In the summer of 2001, Mountain Meadow Girl Scout Camp in New Jersey was advertised as a “feminist camping experience [for] children of lesbian, gay, transgender … and other progressive families.” Children ages nine to fifteen were required to fill out an application asking name, birth date, medications, and “Gender of camper: male/female/other (please explain).”
In December 2000, President Clinton welcomed leaders of homosexual organizations to the White House to debut the Girl Scout-promoted film That’s A Family! The video, produced by Women’s Educational Media (WEM) to educate public schoolchildren about homosexual families, used young children to describe what it is like growing up with two moms or two dads. Girl Scout President Connie Matsui addressed the assembled crowd of homosexual activists at the controversial White House screening, explaining her enthusiasm for the film.
One might wonder why the Girl Scouts have been spared the painful attacks that have been launched upon the Boy Scouts by the Left in recent years. The reasons are simple: the Girl Scouts allow homosexuals and atheists to join their ranks, and they have become a pro-abortion, feminist training corps.
While the Girl Scouts fit comfortably in the dire realm of political correctness, the organization should not fit so comfortably in America’s network of moral education. Parents should be warned that the moral content of today’s Girl Scouts is no longer based in the Victorian virtues that gave it life in 1912.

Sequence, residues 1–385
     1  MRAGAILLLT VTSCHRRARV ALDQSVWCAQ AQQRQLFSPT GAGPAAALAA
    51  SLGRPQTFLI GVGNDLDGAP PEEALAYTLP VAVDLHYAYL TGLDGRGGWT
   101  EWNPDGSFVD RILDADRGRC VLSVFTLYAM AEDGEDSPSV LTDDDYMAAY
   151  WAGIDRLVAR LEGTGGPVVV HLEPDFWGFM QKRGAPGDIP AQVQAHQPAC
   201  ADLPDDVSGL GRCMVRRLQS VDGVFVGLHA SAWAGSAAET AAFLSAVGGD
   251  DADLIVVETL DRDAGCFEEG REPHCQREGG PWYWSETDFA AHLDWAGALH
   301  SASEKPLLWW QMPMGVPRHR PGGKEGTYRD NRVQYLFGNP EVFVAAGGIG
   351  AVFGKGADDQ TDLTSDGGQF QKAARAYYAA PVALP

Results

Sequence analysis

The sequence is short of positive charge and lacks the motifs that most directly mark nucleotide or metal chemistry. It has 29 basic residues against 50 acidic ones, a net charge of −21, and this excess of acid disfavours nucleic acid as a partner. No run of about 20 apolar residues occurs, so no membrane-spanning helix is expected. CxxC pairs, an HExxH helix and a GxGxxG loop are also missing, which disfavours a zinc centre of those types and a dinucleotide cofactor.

Parents and supporters of the Girl Scouts must be vigilant in these matters. If the Girl Scouts of America can’t get back to teaching real character, perhaps it will be time to look for our cookies elsewhere.
Hans Zeiger is a columnist, president of the Scout Honor Coalition, and a student at Hillsdale College in Michigan. He can be reached at firstname.lastname@example.org.
Anti-abortion group urges Girl Scout cookie boycott
By Jessie Milligan
Posted on Sun, Feb. 22, 2004
Announcements on a Christian radio station in Waco, Texas, are urging a boycott of Thin Mints and Caramel deLites.
“I encourage you to join me in abstaining from Girl Scout cookies,” John Pisciotta, director of Pro-Life Waco, has been saying for two weeks in the announcements.
Pisciotta then says the Waco-based Bluebonnet Council of Girl Scouts supports Planned Parenthood’s annual sex-education seminars.
The radio announcements are the latest and most public attempt to discourage the Girl Scouts from even a casual affiliation with Planned Parenthood, an international organization that promotes reproductive freedom.
“This foisted an adult conversation on a bunch of little innocent girls,” Pat Stone, education director of Planned Parenthood of Central Texas, said this week in a phone interview. “It’s making them think of things they shouldn’t have to worry about.”
So far, there have been only a few secondhand reports about adults turning down cookies because “the Girl Scouts support abortion,” said Beth Vivio, executive director of the Bluebonnet Council of Girl Scouts.
The controversy, in fact, has made for better cookie sales in Waco, she said.
Vivio said the Girl Scouts expect to sell more than the average 432,000 boxes of cookies during the sale, which runs through February. And the Girl Scouts office has seen more calls and drop-in visitors requesting cookies.
None of the cookie money earned by the 6,000 girls in the 14-county district goes to Planned Parenthood, she said, and the Girl Scouts do not take a position on abortion or sex education. The council does, however, allow the national Girl Scouts logo on posters for Planned Parenthood’s annual summer sex education seminar for fifth- through ninth-graders.
Pro-Life Waco has been trying for years to discourage the Girl Scouts from any affiliation with Planned Parenthood, but the battle was raised to a new level in May, when the Bluebonnet Council bestowed the Woman of Distinction Award on Pam Smallwood, director of Planned Parenthood of Central Texas.